The Tesla Model 3 was big news again this week, as Tesla announced a February date for pilot production. Also, no longer will occupied Supercharger stations be so stress-inspiring, as Tesla has an onboard map update that shows Supercharger location availability. With news of a proposed federal import tax a topic of serious discussion, Tesla seemed on the winning side, with its prominent domestic manufacturing. The Gigafactory construction costs rose above $1 billion this week as noted through permits that Tesla filed. And a story emerged in which another Model S driver was detained by police who investigated reports of an abduction, only to quickly ascertain that rear-facing seats were the real culprit. Here are those stories in review.
As the more affordable all-electric vehicle in the Tesla catalog, the announcement of Model 3 pilot production staring on February 20 brought smiles to a lot of faces. The Model 3 will have a base price of $35,000, and that’s before government tax incentives. The appealing Model 3 price point is just a start: it will offer a range of at least 215 miles. The Model 3 pilot production creates a vehicle that is targeted for demonstration and evaluation, as pilot manufacturing is used to calibrate the assembly line, assess the car against design standards, and confirm quality of outside suppliers’ components. Some Model 3 pilot vehicles will be destined for safety crash tests, while others will generate media visibility. Importantly, strong demand for the Model 3 will push Tesla’s production capabilities, already exceeding 373,000 pre-orders.
Any Tesla owner will attest to the frustration that happens when you pull up to a Supercharger stall and find that it’s occupied. Knowing what’s happening at Superchargers ahead is newly improved. Tesla owners can now see Supercharger stall availability at a particular moment in time. Owners have already begun to report that data has appeared via the map app in the form of little bars over Supercharger stations that display availability. This is a very important component of Tesla’s overall goal to reduce range anxiety for its customers and to provide the smoothest and easiest vehicle experience of any currently available on the market.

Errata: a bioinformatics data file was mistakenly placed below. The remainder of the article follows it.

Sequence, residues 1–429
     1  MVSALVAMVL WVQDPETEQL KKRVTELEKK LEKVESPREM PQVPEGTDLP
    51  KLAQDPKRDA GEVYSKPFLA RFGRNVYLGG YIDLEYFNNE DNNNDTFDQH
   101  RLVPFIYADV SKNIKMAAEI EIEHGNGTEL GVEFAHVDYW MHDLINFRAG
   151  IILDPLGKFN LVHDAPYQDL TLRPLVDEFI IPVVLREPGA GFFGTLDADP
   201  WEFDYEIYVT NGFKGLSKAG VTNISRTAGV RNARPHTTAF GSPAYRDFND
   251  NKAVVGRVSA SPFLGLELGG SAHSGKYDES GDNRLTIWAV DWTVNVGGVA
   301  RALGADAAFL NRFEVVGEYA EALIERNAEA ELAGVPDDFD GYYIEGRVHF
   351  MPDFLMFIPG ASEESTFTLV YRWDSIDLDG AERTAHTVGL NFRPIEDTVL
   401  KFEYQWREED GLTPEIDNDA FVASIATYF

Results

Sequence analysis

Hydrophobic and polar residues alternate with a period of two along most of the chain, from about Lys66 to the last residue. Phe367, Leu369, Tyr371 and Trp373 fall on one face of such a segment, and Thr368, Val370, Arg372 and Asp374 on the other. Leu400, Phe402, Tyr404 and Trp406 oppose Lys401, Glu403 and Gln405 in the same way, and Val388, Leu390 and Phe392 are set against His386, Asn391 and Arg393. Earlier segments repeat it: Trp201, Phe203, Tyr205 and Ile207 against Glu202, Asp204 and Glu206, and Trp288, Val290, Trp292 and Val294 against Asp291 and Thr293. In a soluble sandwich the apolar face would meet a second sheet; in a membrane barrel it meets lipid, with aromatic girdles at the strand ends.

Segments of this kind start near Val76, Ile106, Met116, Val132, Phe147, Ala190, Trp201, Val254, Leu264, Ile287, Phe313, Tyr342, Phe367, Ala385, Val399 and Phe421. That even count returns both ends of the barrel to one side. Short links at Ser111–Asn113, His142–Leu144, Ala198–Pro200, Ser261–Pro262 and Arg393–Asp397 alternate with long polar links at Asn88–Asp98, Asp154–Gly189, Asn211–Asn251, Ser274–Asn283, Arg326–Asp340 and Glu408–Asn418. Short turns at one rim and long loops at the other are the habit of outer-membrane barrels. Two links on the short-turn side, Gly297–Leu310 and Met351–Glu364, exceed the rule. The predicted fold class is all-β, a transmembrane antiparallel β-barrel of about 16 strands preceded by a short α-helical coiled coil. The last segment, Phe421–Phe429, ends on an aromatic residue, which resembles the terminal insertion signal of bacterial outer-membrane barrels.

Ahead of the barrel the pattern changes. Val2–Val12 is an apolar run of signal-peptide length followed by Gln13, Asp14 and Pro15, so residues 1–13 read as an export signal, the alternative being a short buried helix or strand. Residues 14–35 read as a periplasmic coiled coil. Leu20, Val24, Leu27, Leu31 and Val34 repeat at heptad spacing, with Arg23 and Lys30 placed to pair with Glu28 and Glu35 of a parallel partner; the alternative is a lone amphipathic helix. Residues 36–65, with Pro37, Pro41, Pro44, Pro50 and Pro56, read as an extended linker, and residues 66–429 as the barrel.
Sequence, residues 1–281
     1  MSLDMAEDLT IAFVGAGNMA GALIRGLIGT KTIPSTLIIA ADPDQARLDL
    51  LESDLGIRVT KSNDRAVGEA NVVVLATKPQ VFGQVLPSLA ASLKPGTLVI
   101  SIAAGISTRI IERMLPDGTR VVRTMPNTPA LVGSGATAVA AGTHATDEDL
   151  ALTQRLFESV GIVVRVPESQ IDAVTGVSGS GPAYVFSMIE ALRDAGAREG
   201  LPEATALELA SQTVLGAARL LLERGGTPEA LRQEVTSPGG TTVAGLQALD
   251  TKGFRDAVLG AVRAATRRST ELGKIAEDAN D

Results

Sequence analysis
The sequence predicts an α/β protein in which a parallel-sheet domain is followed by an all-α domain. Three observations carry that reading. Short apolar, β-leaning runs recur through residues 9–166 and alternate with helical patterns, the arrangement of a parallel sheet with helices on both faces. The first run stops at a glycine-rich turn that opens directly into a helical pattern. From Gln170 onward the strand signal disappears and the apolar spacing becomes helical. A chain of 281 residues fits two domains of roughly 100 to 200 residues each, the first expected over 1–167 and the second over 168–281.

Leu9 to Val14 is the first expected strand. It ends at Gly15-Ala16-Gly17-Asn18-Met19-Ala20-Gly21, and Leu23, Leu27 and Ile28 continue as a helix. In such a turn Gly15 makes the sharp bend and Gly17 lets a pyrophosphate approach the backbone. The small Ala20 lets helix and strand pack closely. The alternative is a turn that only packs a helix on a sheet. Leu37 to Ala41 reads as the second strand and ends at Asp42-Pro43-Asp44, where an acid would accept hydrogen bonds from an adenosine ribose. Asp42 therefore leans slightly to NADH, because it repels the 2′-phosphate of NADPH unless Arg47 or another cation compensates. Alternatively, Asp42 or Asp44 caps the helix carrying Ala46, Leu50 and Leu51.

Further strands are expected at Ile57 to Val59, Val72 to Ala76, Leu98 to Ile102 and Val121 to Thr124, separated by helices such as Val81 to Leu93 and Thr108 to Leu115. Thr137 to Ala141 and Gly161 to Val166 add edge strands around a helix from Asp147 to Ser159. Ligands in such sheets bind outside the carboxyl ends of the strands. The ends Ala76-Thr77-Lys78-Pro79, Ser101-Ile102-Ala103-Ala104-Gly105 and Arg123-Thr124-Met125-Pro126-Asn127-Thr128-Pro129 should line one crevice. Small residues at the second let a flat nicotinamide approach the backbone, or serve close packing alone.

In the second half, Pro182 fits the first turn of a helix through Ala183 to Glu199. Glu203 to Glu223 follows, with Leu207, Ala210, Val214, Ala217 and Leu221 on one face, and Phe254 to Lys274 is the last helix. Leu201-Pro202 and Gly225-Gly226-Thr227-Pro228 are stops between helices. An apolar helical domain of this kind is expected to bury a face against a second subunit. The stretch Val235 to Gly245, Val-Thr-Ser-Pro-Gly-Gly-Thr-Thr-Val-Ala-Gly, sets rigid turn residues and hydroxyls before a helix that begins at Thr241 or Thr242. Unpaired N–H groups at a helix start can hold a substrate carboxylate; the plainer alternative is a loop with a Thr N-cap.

A new study suggests that Tesla would be well-positioned if a proposed federal tax on imports is implemented. Baum & Associates LLC determined that most automakers would need to add thousands of dollars to vehicle sticker prices to compensate for costs incurred with the import tax. Jaguar’s Land Rover would experience the worst case scenario with price increases near to $17,000, as it imports all its vehicles. Companies with significant domestic manufacturing would absorb only the smallest price increases among major automakers, with Ford accruing about $282 per vehicle and General Motors Co. at about $995. With its extensive domestic manufacturing, Tesla is the sole automaker that may be able to keep prices level. The study’s goals were to expose the relative impact of the tax plan on each automaker, according to Alan Baum, founder of Michigan’s Baum & Associates.
Tesla, Inc. has been granted a total of 153 building permits for its Gigafactory to date from the Storey County Community Development Department. In sum, the permits correlate with an estimated $1.03 billion in construction costs. Storey County remitted these permits after receiving $5.58 million in fees from Tesla. Twenty-nine permits are mentioned in an addendum, which total $542.65 million of construction work. Many of the other permits relate to the installation and anchoring of the equipment needed for the factory. Other permits include a nitrogen yard, a thermal energy storage tank, and the Panasonic equipment installed in Section B and C. In addition, the installation and expansion of the contractor accommodation indicated the number of construction workers on site has increased.
Tesla Model S owners who have opted for additional, rear-facing seats are aware that their size and location offers a fun and efficient place for youngsters to sit. The Sheriff’s Department in Newhall, California, who responded to reports of an abduction, didn’t have this same background knowledge about the Tesla Model S. It turns out that “it was not a kidnapping,” according to Lt. Rob Hahnlein, who spoke on behalf of the Sheriff’s Deparment, but, rather, an individual assisting a child into a Tesla. “The new Teslas have a weird back seat,” Hahnlein acknowledged, “and when they put the (child) in the back seat it looked like they were putting them in the trunk.” The Sheriff’s Department noted how they are obliged to investigate every kidnapping report until the situation is resolved. They also detained the Tesla driver at gun point with the child observing from the seats in question.